From tornados to floods, most businesses are one disaster away from an irretrievable data loss. But the list of crises beyond catastrophic weather include electrical fires and burglary, vandalism or just plain equipment failure. With an IT recovery plan in place, your business stands a much better chance of surviving, no matter what human-made or natural catastrophe arises.

Elements of an IT Recovery Plan

Developing a disaster recovery and business continuity plan for your IT systems includes an assessment of your current network. Here is an overview of what your plan should encompass:

  • Asset inventories
  • Off-site data backup and recovery planning
  • Development of redundant IT systems
  • Creating a communications plan
  • Development of off-site workflows to encompass systems such as accounting, payroll, and client billing
  • Mitigation plan in the event of a data breach

For a more detailed look at what your plan should include, check out our earlier post on what every IT recovery plan should include.

Inc. says 40% to 60% of all small businesses that lack an IT recovery plan will close their doors after a major disaster. Don’t let this happen to your business.

Contact CWPS today to begin an assessment and threat mitigation process that will help keep your IT infrastructure safe in the event that an unthinkable event will occur.

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How to Prevent Phishing Scams and Create a Culture of Security in Your Office

Defend against phishing.jpgIf you’re concerned about cyber security then phishing should be high on your worry list. That’s because phishing is one of the most common causes of cyber security breaches on the planet. In order to remain vigilant against this hacker’s technique, your entire workforce must be aware of how to prevent phishing, and the consequences of falling prey to an attack.

Let’s look at creating an office culture that focuses on to preventing these cyber threats.

Phishing 101

Phishing typically takes the form of fake emails designed to unleash a virus in your computer or steal personal information. Global security firm Symantec says 54.3% of all emails generated are spam with a potentially malicious intent.

Some of the phishing techniques today include:

  • Embedding a link in an email that takes you to an external site and asks you to enter information.
  • Attaching a file to an email that spreads a virus.
  • Requesting sensitive information via faked credentials that look very, very real.

Because these techniques are designed to exploit the individual within your company, it is imperative that your entire team understands how to prevent phishing attacks and what to do if they make a mistake and the unthinkable happens.

Training Staff in How to Prevent Phishing 

Creating a cultural emphasis on how to prevent phishing starts with training and education. The first step is to teach anyone that receives email in your organization how to recognize a potential phishing email. Here’s what to look for:

  • The email will likely be from a company you’re familiar with; it will have an easily recognizable logo stolen from a real business.
  • Do you see misspellings in the email? That’s always a red flag!
  • Never click on a link in an email. We used to suggest that you rest your mouse on the link (without clicking!) to see a string of digits that in no way match the URL of the supposed sender of the email to prove it’s a phishing scam. Today, it’s not even safe to do that; there’s a line of malware (viruses) now that have a new type of link. If you hover over the URL containing Zusy malware, it will release the virus.
  • If you receive an .exe file, that file is likely a virus just waiting to be unleashed.
  • If the web address (URL) resembles a popular company but the spelling is slightly off – it’s a scam.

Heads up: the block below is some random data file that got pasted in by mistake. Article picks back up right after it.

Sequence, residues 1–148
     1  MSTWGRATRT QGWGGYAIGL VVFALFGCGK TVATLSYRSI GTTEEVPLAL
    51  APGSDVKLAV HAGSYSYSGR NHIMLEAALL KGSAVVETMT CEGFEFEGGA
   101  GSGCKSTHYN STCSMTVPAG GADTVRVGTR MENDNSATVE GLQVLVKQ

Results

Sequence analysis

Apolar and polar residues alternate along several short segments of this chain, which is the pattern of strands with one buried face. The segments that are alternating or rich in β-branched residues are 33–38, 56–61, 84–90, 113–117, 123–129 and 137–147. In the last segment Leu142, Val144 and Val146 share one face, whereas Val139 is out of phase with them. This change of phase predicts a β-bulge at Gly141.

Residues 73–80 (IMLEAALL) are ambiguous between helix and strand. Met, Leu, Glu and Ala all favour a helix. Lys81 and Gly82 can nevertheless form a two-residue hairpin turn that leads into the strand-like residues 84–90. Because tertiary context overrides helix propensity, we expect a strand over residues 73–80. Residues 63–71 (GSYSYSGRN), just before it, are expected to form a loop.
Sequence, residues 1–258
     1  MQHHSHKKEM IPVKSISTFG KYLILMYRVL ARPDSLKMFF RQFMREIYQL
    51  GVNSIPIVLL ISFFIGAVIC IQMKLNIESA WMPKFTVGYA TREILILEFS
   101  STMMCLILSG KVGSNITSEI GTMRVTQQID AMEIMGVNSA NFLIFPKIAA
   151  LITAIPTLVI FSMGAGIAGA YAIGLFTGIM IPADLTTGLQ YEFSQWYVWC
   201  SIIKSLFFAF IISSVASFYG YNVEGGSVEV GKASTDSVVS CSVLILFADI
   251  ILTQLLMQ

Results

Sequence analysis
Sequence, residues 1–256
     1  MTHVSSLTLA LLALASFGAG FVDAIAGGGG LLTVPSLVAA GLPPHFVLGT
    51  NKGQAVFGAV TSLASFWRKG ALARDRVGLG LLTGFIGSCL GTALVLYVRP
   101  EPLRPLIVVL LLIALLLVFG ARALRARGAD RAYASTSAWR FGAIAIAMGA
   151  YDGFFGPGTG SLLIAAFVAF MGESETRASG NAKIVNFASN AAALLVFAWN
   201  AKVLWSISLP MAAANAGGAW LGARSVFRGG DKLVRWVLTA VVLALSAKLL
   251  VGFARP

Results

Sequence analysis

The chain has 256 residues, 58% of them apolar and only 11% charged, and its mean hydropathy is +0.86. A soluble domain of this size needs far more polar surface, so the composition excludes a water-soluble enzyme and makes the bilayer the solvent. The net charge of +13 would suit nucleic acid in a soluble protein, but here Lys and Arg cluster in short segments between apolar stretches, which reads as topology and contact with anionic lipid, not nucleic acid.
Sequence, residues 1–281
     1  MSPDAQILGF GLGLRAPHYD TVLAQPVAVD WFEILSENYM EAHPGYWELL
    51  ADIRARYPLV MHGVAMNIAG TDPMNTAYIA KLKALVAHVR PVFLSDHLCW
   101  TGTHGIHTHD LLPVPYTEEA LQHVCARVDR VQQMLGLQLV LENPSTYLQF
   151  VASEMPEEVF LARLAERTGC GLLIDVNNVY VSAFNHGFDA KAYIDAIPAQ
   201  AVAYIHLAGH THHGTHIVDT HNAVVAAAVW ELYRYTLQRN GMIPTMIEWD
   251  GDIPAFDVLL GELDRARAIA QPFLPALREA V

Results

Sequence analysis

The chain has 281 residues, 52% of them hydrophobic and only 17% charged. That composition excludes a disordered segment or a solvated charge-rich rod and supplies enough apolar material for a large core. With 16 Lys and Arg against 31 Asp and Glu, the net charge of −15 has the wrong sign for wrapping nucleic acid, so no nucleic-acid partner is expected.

Barkly reminds us the number one vehicle for computer viruses is email. The Verizon 2017 Data Breach Investigations Report said two-thirds of all the malware on infected computers in 2016 came from phishing emails. 

Is Your Business Prepared?

In addition to training your team to be alert for phishing scams, make sure your operating systems; firewalls and security intrusion systems are fully up to date. Make sure your IT team is backing up all of your data frequently. Also, always encrypt sensitive company information. 

CWPS offers security training in how to prevent phishing and other cyber security threats. Businesses depend on our managed services that include cyber security intrusion monitoring and mitigation. Contact us and keep your business safe.

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Markus Spiske

Cyber Security Training for Businesses - Why You Need It

58754912_s.jpgYour employees have constant access to the technology that your business relies upon -- and even if they are careful, it's likely that they are still a threat. Cyber security training is not relegated to the realm of IT professionals. All employees need to be aware of modern cyber security best practices if you want to reduce your risk.

Cyber Security is one of the Biggest Threats Today

Small businesses face cyber security threats every day. Not only are threats pervasive throughout many industries, but a single successful attack could result in business disruption for days or even weeks. Cyber security threats can cost an organization millions of dollars, shutting down their operations and adversely impacting their reputation. Cyber security threats may even result in employee or client information being stolen, requiring a costly mitigation that could last months. 

Most Threats Come from Within

Though businesses may have state-of-the-art technology protecting them, this does not help if the threats come from within. Employees may be negligent, malicious, or simply make a mistake. They may click on the wrong link, download the wrong email attachment, or simply not be paying attention to what they are doing on their network-connected personal device or phone. Regardless, an employee's actions can very easily lead to a network compromise, even if the company was already protected through its technology. This makes it critical for employees to understand the risks that they face -- especially when it relates to modern tactics, such as the phishing, that may now be associated with ransomware. If employees cannot even recognize a threat, it is impossible for them to defend against it.